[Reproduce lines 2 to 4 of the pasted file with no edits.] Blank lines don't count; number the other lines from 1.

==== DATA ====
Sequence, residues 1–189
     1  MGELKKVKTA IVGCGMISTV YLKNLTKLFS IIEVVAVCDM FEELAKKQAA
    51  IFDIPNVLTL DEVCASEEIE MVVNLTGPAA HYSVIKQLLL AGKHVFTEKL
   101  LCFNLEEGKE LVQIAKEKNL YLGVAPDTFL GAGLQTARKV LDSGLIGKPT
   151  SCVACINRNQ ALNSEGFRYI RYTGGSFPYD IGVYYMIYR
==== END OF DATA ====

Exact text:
     1  MGELKKVKTA IVGCGMISTV YLKNLTKLFS IIEVVAVCDM FEELAKKQAA
    51  IFDIPNVLTL DEVCASEEIE MVVNLTGPAA HYSVIKQLLL AGKHVFTEKL
   101  LCFNLEEGKE LVQIAKEKNL YLGVAPDTFL GAGLQTARKV LDSGLIGKPT